If you build it … it will crumble.
And if you come—just to see that concept rendered artistically and interactively—see David Sanchez Burr.
“I want people to think about their particular role in the whole concept of the cycles of creation—and their coming apart,” says Sanchez Burr, 42, a local mixed-media artist whose New Citadel exhibit at the Cosmopolitan’s P3 Studio examines the life cycle of the urban landscape from creation to ruination. “It’s about the things we do to build, and the things we let fall apart or destroy.”
Four thematic cornerstones—entropy, perpetual change, maintenance and decay in the cities we call home—give this sculpture-and-sound creation its resonance. Think of Sanchez Burr as the gatekeeper of this mini-model city. Think of yourself as one of its architects. “It’s participatory, so the person can make the work that goes into the citadel,” Sanchez Burr says. “They can build their own visionary, utopian city.”
Then watch it succumb to inevitable decline—cleverly accelerated in this exhibit by music.
Visitors are invited to construct small structures in any configuration they choose, using materials supplied by Sanchez Burr, including gypsum crystals, plastic, wood, wire, tiny mirrors and LED lights, with assistance from a glue gun. Surrounding the work table to provide inspiration are architectural tomes including Socialist Architecture: The Vanishing Act; Topologies: The Urban Utopia in France, 1960-70 and, most pointedly, All That is Solid Melts into Air.
“I put no pressure, whatever they build they build,” he says. “And there have been all sorts of references. There are Christian references, movable structures with wheels, references to shelters, solar panels, an oil derrick, even a pyramid.”
Once completed, the model buildings are placed on a platform and subjected to the sonic frequency of recorded pieces composed by Sanchez Burr and played through a midi controller as directed by the guest pushing buttons. Inspired by avant-garde musician John Cage, the dissonant music is written in a 5/4 time signature to distinguish it from the four-beats-to-the-bar standard. Reacting to the vibrations, the pieces often turn in circles, collapse in on themselves or fall to the floor, evoking the theme of inevitable shift or destruction.
Addressing the importance of documentation—of recording what we build to keep it alive as history even after it is gone—Sanchez Burr keeps a video archive, as well as placing the altered structures on a display shelf.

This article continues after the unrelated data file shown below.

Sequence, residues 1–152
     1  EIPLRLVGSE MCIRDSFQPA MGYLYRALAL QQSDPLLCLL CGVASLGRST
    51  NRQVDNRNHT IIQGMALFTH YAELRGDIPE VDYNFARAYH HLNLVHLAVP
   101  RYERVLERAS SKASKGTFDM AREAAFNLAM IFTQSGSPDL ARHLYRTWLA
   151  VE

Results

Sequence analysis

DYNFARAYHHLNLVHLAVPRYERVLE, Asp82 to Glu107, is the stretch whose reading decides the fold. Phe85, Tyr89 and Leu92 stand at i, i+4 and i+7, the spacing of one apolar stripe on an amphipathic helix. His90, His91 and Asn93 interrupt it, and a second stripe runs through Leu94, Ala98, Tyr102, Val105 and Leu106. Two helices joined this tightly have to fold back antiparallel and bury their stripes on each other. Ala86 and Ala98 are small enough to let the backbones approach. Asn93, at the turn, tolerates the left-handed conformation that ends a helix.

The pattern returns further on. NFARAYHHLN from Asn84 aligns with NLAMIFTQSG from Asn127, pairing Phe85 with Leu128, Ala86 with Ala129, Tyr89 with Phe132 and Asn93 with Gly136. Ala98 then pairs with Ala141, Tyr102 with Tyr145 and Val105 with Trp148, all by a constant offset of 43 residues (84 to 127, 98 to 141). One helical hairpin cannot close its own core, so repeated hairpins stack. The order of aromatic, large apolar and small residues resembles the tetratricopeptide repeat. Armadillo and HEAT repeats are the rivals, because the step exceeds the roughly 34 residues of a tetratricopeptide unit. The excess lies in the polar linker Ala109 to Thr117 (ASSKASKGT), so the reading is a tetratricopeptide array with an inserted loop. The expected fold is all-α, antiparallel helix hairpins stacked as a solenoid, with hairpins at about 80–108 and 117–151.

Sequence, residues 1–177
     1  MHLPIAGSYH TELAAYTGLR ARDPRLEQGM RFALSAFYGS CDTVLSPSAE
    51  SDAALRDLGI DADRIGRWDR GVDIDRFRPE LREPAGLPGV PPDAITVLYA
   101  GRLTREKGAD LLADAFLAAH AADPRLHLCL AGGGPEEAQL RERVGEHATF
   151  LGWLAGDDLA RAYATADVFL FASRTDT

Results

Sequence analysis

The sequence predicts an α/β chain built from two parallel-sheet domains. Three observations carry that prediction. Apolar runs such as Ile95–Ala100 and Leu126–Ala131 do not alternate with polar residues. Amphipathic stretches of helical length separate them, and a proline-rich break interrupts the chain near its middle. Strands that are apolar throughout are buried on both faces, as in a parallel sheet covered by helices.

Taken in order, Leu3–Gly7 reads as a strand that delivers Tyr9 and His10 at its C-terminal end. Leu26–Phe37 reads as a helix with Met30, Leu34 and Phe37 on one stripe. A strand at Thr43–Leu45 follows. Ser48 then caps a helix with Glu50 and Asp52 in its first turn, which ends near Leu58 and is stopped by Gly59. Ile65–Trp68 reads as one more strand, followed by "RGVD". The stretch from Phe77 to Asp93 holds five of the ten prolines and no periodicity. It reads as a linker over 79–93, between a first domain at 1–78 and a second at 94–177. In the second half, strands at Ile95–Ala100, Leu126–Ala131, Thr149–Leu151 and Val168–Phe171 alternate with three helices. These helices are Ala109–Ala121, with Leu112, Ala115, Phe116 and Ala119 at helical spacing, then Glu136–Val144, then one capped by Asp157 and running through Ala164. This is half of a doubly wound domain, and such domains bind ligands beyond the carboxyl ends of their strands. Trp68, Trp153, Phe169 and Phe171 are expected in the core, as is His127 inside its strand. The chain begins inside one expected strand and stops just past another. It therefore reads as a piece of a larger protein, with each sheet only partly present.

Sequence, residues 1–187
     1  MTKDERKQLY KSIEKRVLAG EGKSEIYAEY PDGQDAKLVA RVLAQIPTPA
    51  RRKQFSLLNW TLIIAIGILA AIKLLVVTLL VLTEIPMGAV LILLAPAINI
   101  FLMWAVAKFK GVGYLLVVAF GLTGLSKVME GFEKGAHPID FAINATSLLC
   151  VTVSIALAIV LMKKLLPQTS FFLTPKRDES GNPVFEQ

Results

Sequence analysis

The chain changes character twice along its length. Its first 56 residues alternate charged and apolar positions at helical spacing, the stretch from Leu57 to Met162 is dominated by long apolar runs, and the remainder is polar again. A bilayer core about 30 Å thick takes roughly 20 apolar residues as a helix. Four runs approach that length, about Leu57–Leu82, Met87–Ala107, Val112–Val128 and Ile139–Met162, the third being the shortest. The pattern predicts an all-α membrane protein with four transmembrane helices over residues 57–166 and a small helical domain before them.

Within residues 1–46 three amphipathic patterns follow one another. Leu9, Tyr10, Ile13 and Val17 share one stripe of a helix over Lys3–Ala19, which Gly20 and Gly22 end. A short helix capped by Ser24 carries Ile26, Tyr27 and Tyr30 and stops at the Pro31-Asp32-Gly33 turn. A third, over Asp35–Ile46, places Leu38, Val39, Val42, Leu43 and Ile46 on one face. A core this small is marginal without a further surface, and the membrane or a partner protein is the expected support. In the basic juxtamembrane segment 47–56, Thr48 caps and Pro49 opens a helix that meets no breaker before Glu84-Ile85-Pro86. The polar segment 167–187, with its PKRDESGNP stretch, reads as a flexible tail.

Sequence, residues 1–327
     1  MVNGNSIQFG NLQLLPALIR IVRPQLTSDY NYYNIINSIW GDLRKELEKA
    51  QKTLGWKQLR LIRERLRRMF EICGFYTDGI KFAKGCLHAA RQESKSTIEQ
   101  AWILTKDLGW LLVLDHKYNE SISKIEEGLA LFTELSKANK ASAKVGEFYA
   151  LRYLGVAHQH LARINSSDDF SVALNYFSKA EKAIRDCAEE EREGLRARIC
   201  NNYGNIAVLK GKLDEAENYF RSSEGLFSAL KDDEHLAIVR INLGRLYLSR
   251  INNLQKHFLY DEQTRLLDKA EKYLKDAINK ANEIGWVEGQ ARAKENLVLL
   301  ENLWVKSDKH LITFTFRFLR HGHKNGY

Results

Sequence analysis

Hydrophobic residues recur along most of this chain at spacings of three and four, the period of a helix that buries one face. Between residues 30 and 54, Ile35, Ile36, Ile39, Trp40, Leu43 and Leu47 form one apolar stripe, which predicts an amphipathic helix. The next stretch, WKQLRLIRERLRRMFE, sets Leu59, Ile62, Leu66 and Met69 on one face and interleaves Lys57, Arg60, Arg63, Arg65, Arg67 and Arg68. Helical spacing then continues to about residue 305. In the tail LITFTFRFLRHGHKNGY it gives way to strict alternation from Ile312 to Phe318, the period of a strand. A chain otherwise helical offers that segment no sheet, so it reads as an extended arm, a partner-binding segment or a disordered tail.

Collectively, the effect is stark regarding the everything-changes-or-dies aesthetic, especially in Las Vegas, long the implosion capital of the world. Trace Sanchez Burr’s interest in the subject to a trip he took to the National Gallery of Art in Washington, D.C., when he was a student at Virginia Commonwealth University in Richmond.
“I went to see the [Jackson] Pollock paintings and a professor had told me in advance that the Pollocks are actually crumbling down,” Sanchez Burr recalls. “He didn’t have the money for the best quality paints. His technique was more important to him than the quality of his materials, and he learned his technique from Navajo sand paintings, which were intended to disappear.”
Though Sanchez Burr says he appreciates Pollock’s artwork for its obvious beauty, he also gazes at the “crumbs” that fall from the pieces. “I thought there was something important to be discussed, when we see buildings crumble, when we see paint peeling, this entropy, the work of nature.”
Exploring that theme through interactivity, he says, is crucial to his artwork. Art might imitate life, but that doesn’t mean it has to do it frozen in place. “Interaction creates transformation,” Sanchez Burr says. “If you are interacting with a piece, chances are you will modify it in some way. Art can’t really imitate life if it’s just static. It transforms over time, just as we do.”
Creating an exhibit about inevitable destruction, Sanchez Burr takes a biblical cue, as expressed in Ecclesiastes:
To everything there is a season, and a time to every purpose under the heaven. A time to be born and a time to die.
New Citadel at P3 Studio
Cosmopolitan, 6-11 p.m. through Sept. 15, free, 698-7000, CosmopolitanLasVegas.com.